Gabapentin for Alcohol Withdrawal Treatment
Alcohol withdrawal can elicit a variety of unpleasant reactions, including tremors, anxiety, irritability, and agitation. Because gabapentin mimics the effects of GABA by reducing neural excitation, it is thought to also reduce alcohol withdrawal symptoms.
A study published in the American Journal of Psychiatry reported encouraging results during a 16-week treatment of 150 alcohol-dependent participants. The results were better among individuals who received gabapentin and naltrexone together than they were for participants who received naltrexone alone.
Another study published in the Journal of Clinical Psychiatry found that alcohol-dependent people treated with gabapentin displayed a significant reduction in how much they drank. The experimental group also had a higher rate of abstinence than the placebo group.
Gabapentin for Cannabis Withdrawal Treatment
The effects of gabapentin may be soothing for those who are undergoing detox from cannabis or benzodiazepines. Marijuana is not physically addicting, and you don’t develop a tolerance to it. Nevertheless, it can be very addictive psychologically, and when you stop using it, you might experience some withdrawal symptoms.
A study published in Neuropsychopharmacology reported that individuals who sought treatment for cannabis addiction and were treated with gabapentin consumed less marijuana, reported improvements in cognitive functioning, and had fewer withdrawal symptoms.
What Are the Signs of Gabapentin Addiction?
Gabapentin addiction can involve a variety of symptoms that include the following:
- Labored breathing
- Bluish lips, fingers, and toes
Studies of substance abusers in the U.S. and the U.K. revealed that most people with a gabapentin addiction prefer to mix the drug with prescription opioids rather than using it alone.
Participants who used gabapentin to get high were more likely to abuse benzodiazepines. Moreover, a mix of gabapentin and alcohol is frequently present in toxicology results.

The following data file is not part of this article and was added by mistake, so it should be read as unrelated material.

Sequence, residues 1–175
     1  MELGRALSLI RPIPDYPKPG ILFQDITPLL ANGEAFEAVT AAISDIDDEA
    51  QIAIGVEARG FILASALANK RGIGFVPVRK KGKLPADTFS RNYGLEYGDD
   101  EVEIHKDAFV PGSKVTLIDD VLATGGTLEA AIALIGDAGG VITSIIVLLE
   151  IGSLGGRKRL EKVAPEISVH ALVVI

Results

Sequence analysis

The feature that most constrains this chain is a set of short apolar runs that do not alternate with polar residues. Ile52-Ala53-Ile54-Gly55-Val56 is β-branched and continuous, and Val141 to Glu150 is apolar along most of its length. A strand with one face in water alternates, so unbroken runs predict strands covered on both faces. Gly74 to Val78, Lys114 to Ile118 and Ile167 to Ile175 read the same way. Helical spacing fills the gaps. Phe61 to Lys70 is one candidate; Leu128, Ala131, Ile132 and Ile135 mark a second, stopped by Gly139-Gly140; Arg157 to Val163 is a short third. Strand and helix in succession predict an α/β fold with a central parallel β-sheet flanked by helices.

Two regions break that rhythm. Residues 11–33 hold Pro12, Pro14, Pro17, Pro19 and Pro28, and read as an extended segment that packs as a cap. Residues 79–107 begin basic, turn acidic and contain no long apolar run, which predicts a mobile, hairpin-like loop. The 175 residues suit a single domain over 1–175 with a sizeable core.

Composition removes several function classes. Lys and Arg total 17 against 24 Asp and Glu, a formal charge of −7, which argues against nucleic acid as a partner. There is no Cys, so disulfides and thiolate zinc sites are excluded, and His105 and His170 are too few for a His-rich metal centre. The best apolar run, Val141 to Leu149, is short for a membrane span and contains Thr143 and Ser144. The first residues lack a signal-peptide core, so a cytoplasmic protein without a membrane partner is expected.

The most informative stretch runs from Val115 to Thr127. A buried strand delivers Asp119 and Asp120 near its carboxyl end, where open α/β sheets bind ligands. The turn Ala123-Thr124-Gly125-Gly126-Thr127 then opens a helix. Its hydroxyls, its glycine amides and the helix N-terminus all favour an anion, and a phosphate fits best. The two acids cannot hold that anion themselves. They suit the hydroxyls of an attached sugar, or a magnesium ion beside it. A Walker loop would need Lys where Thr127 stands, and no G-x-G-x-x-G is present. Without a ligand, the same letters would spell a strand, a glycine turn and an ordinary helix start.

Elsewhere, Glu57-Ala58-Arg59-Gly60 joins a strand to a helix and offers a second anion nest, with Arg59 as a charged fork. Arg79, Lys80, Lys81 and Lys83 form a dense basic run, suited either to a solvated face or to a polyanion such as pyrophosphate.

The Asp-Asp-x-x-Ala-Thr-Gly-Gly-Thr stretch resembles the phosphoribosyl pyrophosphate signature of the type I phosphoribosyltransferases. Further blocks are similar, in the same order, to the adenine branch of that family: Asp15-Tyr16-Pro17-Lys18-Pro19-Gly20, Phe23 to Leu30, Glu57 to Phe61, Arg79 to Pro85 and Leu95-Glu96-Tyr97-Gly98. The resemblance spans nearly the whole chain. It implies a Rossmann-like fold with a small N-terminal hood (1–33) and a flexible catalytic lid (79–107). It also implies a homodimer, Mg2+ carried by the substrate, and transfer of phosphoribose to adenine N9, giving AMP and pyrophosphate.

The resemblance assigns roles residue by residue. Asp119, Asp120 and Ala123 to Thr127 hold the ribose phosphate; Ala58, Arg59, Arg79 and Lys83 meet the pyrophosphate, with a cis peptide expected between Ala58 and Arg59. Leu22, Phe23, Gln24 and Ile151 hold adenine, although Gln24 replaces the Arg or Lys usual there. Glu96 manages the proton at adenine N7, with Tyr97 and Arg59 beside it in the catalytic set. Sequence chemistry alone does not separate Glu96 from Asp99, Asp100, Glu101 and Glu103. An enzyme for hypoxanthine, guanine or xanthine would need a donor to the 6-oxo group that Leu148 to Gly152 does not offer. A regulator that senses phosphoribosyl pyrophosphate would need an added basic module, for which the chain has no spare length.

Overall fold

According to a 2016 article published in addiction, mixing gabapentin with opioids delivers a euphoria that can drive addiction. A case study reported that individuals snorting gabapentin powder from capsules get a high that’s similar to snorting cocaine.
In six different studies, individuals abusing gabapentin did so to feel relaxed and calm. Study participants also described a cannabis-like or cocaine-like high that increased sociability and talkativeness.
Some users experienced an amphetamine rush or an MDMA-like high. They also reported improved focus and better sleep. People who are addicted to gabapentin may exhibit the following behaviors:
- Poor decision-making
- Acting energetic or sedated
- Increased or decreased sleep
- Forging or selling prescriptions
- Exceeding the prescribed dose
- Mood swings or hostility
- Routinely asking for early refills
- Losing prescriptions and asking for more
- Getting prescriptions from multiple doctors
Is gabapentin addictive? It’s unusual for someone to be addicted to gabapentin alone, but it does happen. When it does, it’s usually for the purposes of mood modification.